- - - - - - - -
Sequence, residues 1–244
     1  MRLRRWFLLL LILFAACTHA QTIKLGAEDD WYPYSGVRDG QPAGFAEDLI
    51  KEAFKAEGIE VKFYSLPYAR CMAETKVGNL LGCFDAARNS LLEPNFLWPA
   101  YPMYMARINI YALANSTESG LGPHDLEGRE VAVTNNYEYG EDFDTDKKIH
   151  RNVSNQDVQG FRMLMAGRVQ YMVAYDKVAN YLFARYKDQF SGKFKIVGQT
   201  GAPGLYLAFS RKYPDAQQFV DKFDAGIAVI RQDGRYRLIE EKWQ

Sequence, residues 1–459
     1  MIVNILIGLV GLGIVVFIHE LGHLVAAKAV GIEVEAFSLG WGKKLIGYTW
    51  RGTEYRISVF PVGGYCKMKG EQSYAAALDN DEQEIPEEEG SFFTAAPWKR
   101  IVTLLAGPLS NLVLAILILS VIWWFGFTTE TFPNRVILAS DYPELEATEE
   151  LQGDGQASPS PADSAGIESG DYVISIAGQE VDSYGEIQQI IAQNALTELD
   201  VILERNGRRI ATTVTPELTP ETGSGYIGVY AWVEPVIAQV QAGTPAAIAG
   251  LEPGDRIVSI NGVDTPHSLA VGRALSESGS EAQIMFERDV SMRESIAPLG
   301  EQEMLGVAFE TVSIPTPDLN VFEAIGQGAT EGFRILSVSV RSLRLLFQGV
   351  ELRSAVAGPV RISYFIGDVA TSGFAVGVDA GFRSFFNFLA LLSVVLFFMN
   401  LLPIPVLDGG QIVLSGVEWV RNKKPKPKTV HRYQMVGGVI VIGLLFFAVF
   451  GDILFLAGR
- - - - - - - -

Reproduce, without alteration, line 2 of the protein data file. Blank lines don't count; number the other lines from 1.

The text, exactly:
     1  MRLRRWFLLL LILFAACTHA QTIKLGAEDD WYPYSGVRDG QPAGFAEDLI